Some Russian textbooks have allegedly removed references to Kyiv and Ukraine, with analysts claiming Moscow is "rewriting history".
Censorship has allegedly started to infiltrate new school textbooks in Russia, according to Mediazona, an independent Russian media outlet.
The opposition news site reported on Thursday that in the latest edition of the fourth-grade textbook 'The World Around Us' several references to Kyiv and Ukraine have been erased.
Compared to 2021, the new edition contains many modified sections, wrote Mediazona.
References to the Ukrainian capital were scrubbed from sections about the history of Kyivan Rus, a state that spanned modern Belarus, Ukraine and Russia.
The past edition stated the chronicle "The Tale of Bygogne Years" was written by Nestor, a monk from the Kyiv Monastery of the Caves. In the new version, Nestor is simply called a monk.
When discussing Prince Igor, the older copy states he "began to rule in Kyiv", whereas the new one says he "began to rule Russia".
Employees of the Prosveshchenie (Enlightenment) publishing house, which created the book, told Mediazona they were asked to remove "inappropriate" references to Ukraine and Kyiv from all school textbooks.
"We have a task to make it look as if Ukraine simply does not exist," a Prosveshchenie employee is quoted as saying by Mediazona.
"It's hugely problematic when a textbook simply has no information about a country. A child grows up without any knowledge about this country, it would be much easier for them to believe the TV."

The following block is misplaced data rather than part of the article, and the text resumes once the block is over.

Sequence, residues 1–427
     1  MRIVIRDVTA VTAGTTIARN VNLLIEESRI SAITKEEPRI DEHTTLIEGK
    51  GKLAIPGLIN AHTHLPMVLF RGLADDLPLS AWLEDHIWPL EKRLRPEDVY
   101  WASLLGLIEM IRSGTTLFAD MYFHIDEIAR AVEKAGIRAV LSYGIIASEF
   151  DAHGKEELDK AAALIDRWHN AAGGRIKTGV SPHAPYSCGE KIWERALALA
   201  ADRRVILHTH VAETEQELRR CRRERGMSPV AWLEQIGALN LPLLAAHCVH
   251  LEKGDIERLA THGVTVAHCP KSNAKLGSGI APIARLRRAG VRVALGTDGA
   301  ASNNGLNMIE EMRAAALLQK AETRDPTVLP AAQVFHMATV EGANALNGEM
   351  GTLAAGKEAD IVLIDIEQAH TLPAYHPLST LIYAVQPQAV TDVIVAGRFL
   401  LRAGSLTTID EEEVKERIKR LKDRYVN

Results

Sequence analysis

Some other subtle changes were made to the educational book. The previous edition says Prince Vladimir baptised all the people in Kyiv, now the new one only states "in the capital".
'Unified' textbooks issued for next year
The new textbooks have been printed, but are not yet on sale.
Mediazona's source from Prosveshchenie says the books will be issued by the end of spring for the next school year.
"If possible, it is better not to mention Ukraine at all. Now the textbooks mention Kyiv mostly in the context of Kyivan Rus and the liberation of the city during the Second World War," one editor told Mediazona.
"We are free to describe how the Soviet army saved Kyiv, but independent Ukraine is out of the question."
In December, Sergei Kravtsov, Russian Minister of Education, announced the creation of "unified textbooks on the history of Russia and on world history", which would take into account the "historical events that took place this year".
"This is the beginning of a special military operation, and the entry into the Russian Federation of the Donetsk and Lugansk People's Republics, Zaporizhzhia and Kherson regions, and unprecedented sanctions pressure. These facts, of course, will be reflected in new textbooks," the minister said.
Russian authorities say they are also preparing teaching materials that will "clarify the role of Kyiv" in Russian history.
These materials are set to be delivered for the next school year.
Sharing the story on Twitter, analyst Alex Kokcharov wrote: "Russia is re-writing history yet again".
Learn more about